Headlight upgrades

Posted By: Monte_ExpreSS

Headlight upgrades - 03/12/09 11:16 PM

Headlights upgrades

The stock sealed beam headlights on your car not cutting it anymore? Tired of minimal output + the yellowish light leaving a lot to be desired? I’ve compiled the following information since this seems to be a upgrade that a lot of members have been interested in recently.

There are several options for headlight upgrades for our cars. The simplest of all is to just upgrade to better sealed beam units like the Sylvania Silver Star or GE Night Hawks. While these do provide better light output, they have been known to not have a very long life expectancy, & when necessary to change them, you’re back to changing out the whole unit again. Not a fun job as most SS owners know that it can be a difficult job to access the retainer ring screws.

The next option is to choose a set of 4x6 H4 conversion housings. H4 refers to the bulb style these units use (also known as 9003) These conversion housings have a separate bulb that is removable independently of the main unit. This makes changing burned out bulbs much easier, especially on SS’s. It also offers up a greater selection of bulb upgrades that are compatible.

There are several style H4 conversion housings available, from projector, diamond cut & stock appearing units with a diffused glass lense & smooth reflector.

There are several options when it comes to bulbs. Again, you have Silver Stars or the Night Hawks, etc.
You can also upgrade to Xenon bulbs. These are commonly blue tinted bulbs, with a higher wattage to try & simulate the look of real HIDs. Most of you might have noticed some newer vehicles on the road with bright, pure white light headlights. These are HIDs. HID stands for high intensity discharge. Regular halogen bulbs use a filament surrounded by a inert gas. When electrical current is supplied to the filament, it glows to produce light. HID bulbs have no filament. Instead they contain xenon gas, mercury & metal halide salts. The xenon gas is ignited by an arc of high voltage current & glows. The high voltage is supplied by a ballast, similar to what a fluorescent light uses.
They also produce the highest amount of light output of all choices with current pull almost the same as stock.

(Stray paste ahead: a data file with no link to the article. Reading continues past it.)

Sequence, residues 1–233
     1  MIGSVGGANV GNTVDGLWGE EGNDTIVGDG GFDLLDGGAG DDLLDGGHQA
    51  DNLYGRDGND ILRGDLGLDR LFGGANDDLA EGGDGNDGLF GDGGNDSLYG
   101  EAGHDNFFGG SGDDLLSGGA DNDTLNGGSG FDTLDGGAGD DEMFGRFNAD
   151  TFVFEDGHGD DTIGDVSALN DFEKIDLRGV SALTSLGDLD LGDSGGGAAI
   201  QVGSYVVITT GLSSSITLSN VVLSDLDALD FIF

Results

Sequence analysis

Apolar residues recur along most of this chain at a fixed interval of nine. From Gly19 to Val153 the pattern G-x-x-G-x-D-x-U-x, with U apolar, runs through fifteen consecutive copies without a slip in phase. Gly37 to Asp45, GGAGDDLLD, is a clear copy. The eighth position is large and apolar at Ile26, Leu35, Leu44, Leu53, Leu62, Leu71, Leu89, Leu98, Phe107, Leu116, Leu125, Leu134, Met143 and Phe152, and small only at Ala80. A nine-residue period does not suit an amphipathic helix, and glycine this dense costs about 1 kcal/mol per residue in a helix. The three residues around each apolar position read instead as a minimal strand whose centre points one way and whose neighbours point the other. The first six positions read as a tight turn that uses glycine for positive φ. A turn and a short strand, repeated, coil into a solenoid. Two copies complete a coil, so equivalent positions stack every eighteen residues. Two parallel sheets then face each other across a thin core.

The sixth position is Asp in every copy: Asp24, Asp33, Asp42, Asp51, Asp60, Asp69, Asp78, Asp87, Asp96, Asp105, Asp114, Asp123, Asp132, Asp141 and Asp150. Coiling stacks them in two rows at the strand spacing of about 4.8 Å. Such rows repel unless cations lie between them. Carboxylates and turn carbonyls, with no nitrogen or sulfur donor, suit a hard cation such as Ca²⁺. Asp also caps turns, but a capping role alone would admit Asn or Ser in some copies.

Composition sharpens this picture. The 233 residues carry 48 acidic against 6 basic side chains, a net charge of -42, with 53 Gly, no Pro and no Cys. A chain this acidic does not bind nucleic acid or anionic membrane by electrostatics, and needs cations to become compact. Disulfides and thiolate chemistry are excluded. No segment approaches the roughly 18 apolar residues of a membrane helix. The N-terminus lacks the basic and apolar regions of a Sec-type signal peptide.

Often with after market bulbs you will see them refer to the light output color in Kelvins. Kelvins are the heat color of the light emitted. Stock halogen sealed beams are 2000-3000k in color, (yellowish.) Aftermarket bulbs (like the xenons) are somewhere around 4000-6000k (same as sunlight) & real HIDs are around 4000k & up. It is a common misconception the higher the Kelvin rating, the brighter the light output. 4300k provides approximately the highest & brightest amount of light output & anything above that starts to appear bluer with slightly less light output.

Whatever option you choose, it should make a noticeable difference.

Now that we know what choices are available, it’s time to get a idea of what’s involved for installation. In the thread we will talk about the few extra steps for installation of conversion housing.

It would only be a matter of a standard headlight replacement if you were only upgrading to better sealed beams units.
Tools required that I can think of off hand for this installation would be: a Phillips screwdriver, some form of a cutting tool that can cut metal ( tin snips, Dremel, grandma’s dentures??? think ) & a small tipped flathead screwdriver.

Assuming you’ve removed the stock sealed beam units already, you can test fit your new conversions housings.
Most conversion housings have a larger than stock back & you might have to trim the headlight buckets for clearance. A Dremel makes easy work of that.

This brings us to the issue of wiring for the new units. H4 bulbs have a different pin layout than the stock units.
They will need to be moved in the socket to the following locations:

Low I I ground (Stock pin layout)

__ High

High I I ground (H4 pin layout)

__ Low

If H4 bulbs are being used in the inner high beam locations it will be necessary to remove or bend out of the way the “low” pin on the bulb.

If higher wattage bulbs are being used, it will also be necessary to upgrade the wiring harness. A upgrade harness can be added to the stock harness allowing the lights to get powered directly off the battery with a use of relays. The stock harness cannot handle the extra current pull & damage will result. The harnesses are available from Ebay, & other places or you could assemble one yourself. The following link provides information on doing so.

Even just adding this wiring upgrade with stock style sealed beams should provide better lighting.

Generally real HIDs do not require the relay harness & they do not put a additional strain on the stock harness.

Back to installation! Make all your final connections, & re-install the 4 screws on the housing retainer trim rings. Test to make sure the lights are working correctly. Check both low & high beam operation. Aim headlights as necessary.

Now take a ride at night & marvel at your new ability to actually see & be seen in the dark.

Posted By: Beemer

Re: Headlight upgrades - 03/16/09 11:18 PM

I can vouch for simplicity of converting to a diamond cut housing as outputting better light and pattern layout.

I upgraded from my stock diffused housings to clear diamond cut (reflector housing mirrors are straight cut) on my explorer with the stock bulbs and it was roughly 20% brighter (as far as my eyes were told haha).

I then upgraded to 9004 Sylvania SilverStars that have a ice white with a light light tint of blue and pink (I know right haha), and it was incredible how much brighter it got.

And as they say from Sylvania, always replace in pairs haha.

Excellent write-up!

- Brandon
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